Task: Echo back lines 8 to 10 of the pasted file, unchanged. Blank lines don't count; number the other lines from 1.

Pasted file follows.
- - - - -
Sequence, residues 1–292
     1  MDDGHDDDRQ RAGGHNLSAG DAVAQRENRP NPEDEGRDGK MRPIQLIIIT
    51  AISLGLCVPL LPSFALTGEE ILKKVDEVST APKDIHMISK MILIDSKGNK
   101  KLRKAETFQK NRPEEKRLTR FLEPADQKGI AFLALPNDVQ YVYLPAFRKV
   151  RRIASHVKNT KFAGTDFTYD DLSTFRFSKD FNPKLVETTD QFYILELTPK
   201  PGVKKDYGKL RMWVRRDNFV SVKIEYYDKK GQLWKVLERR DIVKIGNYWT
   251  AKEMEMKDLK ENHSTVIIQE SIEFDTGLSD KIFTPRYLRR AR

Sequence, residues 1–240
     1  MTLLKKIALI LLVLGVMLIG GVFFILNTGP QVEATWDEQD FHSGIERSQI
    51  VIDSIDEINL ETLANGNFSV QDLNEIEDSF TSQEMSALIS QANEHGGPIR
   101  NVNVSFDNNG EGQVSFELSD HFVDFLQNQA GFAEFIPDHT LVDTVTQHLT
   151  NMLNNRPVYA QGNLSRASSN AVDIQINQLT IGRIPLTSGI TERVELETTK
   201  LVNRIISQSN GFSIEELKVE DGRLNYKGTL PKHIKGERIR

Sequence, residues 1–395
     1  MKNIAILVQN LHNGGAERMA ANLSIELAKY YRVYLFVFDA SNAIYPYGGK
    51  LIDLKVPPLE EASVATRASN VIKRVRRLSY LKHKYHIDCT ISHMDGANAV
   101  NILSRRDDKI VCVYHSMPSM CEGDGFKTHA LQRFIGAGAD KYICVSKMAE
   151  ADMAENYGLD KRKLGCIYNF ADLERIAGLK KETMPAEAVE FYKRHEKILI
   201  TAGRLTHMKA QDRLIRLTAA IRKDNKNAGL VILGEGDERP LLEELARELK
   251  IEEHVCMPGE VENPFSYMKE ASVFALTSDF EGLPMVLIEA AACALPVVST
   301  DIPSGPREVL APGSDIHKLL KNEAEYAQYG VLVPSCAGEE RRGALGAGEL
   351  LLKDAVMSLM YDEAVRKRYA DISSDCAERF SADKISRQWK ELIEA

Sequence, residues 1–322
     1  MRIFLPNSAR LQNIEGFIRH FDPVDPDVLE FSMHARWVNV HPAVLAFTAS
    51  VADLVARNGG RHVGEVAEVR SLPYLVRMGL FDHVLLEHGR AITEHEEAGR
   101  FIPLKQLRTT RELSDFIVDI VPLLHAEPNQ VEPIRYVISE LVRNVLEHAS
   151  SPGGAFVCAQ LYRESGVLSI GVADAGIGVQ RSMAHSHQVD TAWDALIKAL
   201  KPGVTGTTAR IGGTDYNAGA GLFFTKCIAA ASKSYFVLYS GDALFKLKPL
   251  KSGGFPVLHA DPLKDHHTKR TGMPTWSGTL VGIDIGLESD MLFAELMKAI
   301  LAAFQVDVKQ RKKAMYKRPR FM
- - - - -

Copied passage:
Sequence, residues 1–240
     1  MTLLKKIALI LLVLGVMLIG GVFFILNTGP QVEATWDEQD FHSGIERSQI
    51  VIDSIDEINL ETLANGNFSV QDLNEIEDSF TSQEMSALIS QANEHGGPIR